Facebook Messenger won’t let you send content from porn sites—even if it’s SFW

man at computer

As if you had another reason not to use it.

It’s pretty common for big social media platforms to block adult content, or make it more difficult for users to access it. Facebook does it, Instagram does it. Even Tumblr, the Internet’s Mecca for porn GIFs, does it, albeit in a more roundabout way. But what happens if you use one of these platforms to send a link to non-pornographic content that’s hosted on a porn site? (Yes, shockingly, it exists—you’re probably just not looking for it.)

Apparently, Facebook will just go ahead and block you from sending it anyway. According to Reason.com, that’s what Cleveland standup comedian Walter Hemmelgarn discovered when he tried to send his friend a link to an Avenged Sevenfold cover that was on the free porn site Xvideos via Facebook Messenger. (The video itself is SFW, but the site itself is decidedly less so.)

How Hemmelgarn found the cover on Xvideos, and why he was searching for metalcore covers on a porn site? That’s unclear, but it’s a different story for a different time.

 

Although the video itself was totally SFW, it nonetheless failed to pass muster with Facebook Messenger. When Hemmelgarn tried to send the link, a message popped up saying the app had detected “a link that our security systems detected to be unsafe,” blocking him from sending the content. A similar message came up when I tried to send my friend a totally SFW economics lecture that also happened to be posted on Xvideos:

 

Given how many other social media platforms have anti-pornography policies, it makes sense why Facebook Messenger wouldn’t let users send such content. It also makes sense that Facebook would say they block users from posting such sites because the links are “unsafe,” to preemptively deflect criticism that the site is blocking such content for the purpose of user censorship. (Whether or not that argument is actually valid is a different story: A 2011 Symantec report, for instance, determined porn sites were far less likely to be infected with malware than shopping sites or blogs were.)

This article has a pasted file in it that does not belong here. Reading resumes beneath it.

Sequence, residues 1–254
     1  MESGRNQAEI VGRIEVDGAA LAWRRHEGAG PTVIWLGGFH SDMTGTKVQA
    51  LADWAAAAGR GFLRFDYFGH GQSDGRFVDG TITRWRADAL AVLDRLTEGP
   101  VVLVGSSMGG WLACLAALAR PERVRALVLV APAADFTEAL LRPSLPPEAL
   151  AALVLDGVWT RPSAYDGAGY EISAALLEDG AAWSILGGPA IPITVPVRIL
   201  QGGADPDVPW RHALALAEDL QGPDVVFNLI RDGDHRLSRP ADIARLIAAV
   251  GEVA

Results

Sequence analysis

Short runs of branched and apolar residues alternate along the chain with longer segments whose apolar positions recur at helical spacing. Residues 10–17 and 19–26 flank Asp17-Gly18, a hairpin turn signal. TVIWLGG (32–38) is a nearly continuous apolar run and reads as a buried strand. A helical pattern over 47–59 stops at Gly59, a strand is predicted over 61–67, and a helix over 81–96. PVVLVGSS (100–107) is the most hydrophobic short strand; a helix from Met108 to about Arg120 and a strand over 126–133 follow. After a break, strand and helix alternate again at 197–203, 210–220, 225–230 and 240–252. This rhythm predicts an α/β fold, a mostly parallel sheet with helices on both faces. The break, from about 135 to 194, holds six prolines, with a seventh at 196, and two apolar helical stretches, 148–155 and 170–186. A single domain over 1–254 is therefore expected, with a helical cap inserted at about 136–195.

But what’s weird about this specific anti-adult content policy is that it appears to be inconsistent. When Reason tried to send videos from lesser known free porn sites like 4Tube, Facebook Messenger allowed them to send the link. So not only is Facebook Messenger preventing you from sharing SFW content from specific, blacklisted sites, for pretty much no reason other than that they don’t like them—it’s also not doing a very good job of blocking them, either. As if you didn’t have enough reasons to hate Facebook Messenger.

H/T Reason | Photo by wiros/Flickr (CC BY SA 2.0)

EJ Dickson

EJ Dickson

EJ Dickson is a writer and editor who primarily covers sex, dating, and relationships, with a special focus on the intersection of intimacy and technology. She served as the Daily Dot’s IRL editor from January 2014 to July 2015. Her work has since appeared in the New York Times, Rolling Stone, Mic, Bustle, Romper, and Men’s Health.